News Release: Emory Healthcare, Research, School of Medicine, Winship Cancer Institute

Mar. 16,  2009

Emory Winship Cancer Institute Emphasizes Care, Research for Patients with Brain Metastases

Metastasis to the brain is one of the most feared complications of cancer, accounting for a fifth of cancer deaths in the United States.

A brain metastasis is a cancer that originates elsewhere in the body and travels through circulation to establish itself in the brain. Emory University's Winship Cancer Institute emphasizes a team approach to treating patients with brain metastases, including neurosurgery, precise radiation treatment and chemotherapy.

"At many cancer centers, there has been little attention directed toward developing new therapies and clinical trial strategies for these patients," says Walter Curran Jr., MD, Lawrence Davis professor and chairman of radiation oncology at Emory University School of Medicine. "We have established Winship as a multidisciplinary referral center that can meet brain metastasis patients’ specialized care needs."

About 15 percent of patients with cancer come to a doctor because of neurological symptoms from a brain metastasis before the original cancer is diagnosed. In addition, as survival rates for primary cancer have increased over the last few decades, the incidence of brain metastases has been rising.

Over the past year, Emory Winship doctors have begun several clinical trials designed for specific groups of brain metastases patients.

As an example, one multisite study is testing the ability of memantine, a medication given for Alzheimer’s disease, to reduce the side effects from radiation therapy, such as memory difficulties and trouble concentrating. This study is sponsored by the Radiation Therapy Oncology Group, a National Cancer Institute-funded consortium of cancer clinicians of which Curran is the national chairman.

Another clinical trial evaluates an experimental drug known as a PARP inhibitor. PARP (poly-ADP ribose polymerase) is an enzyme involved in DNA damage repair and interfering with it is thought to sensitize cells to radiation and chemotherapy. The PARP inhibitor study is sponsored by Abbott Laboratories.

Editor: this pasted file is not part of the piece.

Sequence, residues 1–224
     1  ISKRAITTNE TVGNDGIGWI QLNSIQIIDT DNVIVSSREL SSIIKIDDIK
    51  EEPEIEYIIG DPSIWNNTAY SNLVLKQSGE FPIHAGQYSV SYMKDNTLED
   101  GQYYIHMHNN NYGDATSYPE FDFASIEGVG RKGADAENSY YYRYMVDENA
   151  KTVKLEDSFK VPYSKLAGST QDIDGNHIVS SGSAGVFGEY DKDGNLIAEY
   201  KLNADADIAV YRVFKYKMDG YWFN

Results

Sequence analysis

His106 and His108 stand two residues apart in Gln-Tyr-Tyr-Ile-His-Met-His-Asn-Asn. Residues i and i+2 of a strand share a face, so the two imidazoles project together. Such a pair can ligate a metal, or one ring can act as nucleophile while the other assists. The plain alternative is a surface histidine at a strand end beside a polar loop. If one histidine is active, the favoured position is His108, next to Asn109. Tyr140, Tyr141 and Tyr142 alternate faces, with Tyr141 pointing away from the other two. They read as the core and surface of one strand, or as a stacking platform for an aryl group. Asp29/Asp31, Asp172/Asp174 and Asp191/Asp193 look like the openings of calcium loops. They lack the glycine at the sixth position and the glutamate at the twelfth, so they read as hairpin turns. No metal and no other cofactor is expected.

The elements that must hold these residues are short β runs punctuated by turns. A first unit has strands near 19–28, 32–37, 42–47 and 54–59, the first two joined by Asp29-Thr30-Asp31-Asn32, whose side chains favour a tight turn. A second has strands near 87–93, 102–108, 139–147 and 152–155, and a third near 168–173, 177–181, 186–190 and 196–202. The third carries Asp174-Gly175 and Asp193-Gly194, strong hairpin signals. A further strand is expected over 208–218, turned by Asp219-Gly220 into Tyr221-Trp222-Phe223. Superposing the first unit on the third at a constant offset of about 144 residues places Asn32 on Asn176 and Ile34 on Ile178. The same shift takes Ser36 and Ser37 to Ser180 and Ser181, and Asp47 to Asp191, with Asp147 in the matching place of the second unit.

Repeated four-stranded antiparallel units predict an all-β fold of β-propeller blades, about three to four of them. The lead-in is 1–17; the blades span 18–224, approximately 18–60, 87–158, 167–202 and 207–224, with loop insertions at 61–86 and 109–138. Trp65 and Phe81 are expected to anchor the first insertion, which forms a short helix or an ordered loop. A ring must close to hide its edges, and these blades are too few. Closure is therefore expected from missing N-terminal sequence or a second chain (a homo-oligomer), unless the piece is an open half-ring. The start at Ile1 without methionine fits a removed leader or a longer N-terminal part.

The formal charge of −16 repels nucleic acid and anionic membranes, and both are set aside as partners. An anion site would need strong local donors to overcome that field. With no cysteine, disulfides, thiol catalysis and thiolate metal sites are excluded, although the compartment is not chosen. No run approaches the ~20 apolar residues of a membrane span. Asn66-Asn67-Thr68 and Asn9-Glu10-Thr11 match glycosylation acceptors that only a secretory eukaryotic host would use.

"We take a team approach to the care of our patients," says Alfredo Voloschin, MD, a neuro-oncologist and assistant professor of hematology and medical oncology. "At weekly meetings patient progress is discussed in detail among physicians and nurses from different disciplines, and treatment is based on these in–depth discussions. Patients also have greater opportunity to participate in innovative clinical trials thanks to this multidisciplinary approach." 

Team members also include David Lawson, MD, professor of hematology and medical oncology, Jeffrey Olson, MD, professor of neurosurgery, Costantinos Hadjipanayis, MD, assistant professor of neurosurgery and Ian Crocker, MD, professor of radiation oncology.

More information about specific clinical trials is available at 404-778-5180 or


The Robert W. Woodruff Health Sciences Center of Emory University is an academic health science and service center focused on missions of teaching, research, health care and public service. Its components include schools of medicine, nursing, and public health; Yerkes National Primate Research Center; the Emory Winship Cancer Institute; and Emory Healthcare, the largest, most comprehensive health system in Georgia. The Woodruff Health Sciences Center has a $2.3 billion budget, 17,000 employees, 2,300 full-time and 1,900 affiliated faculty, 4,300 students and trainees, and a $4.9 billion economic impact on metro Atlanta.

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Twitter: @emoryhealthsci

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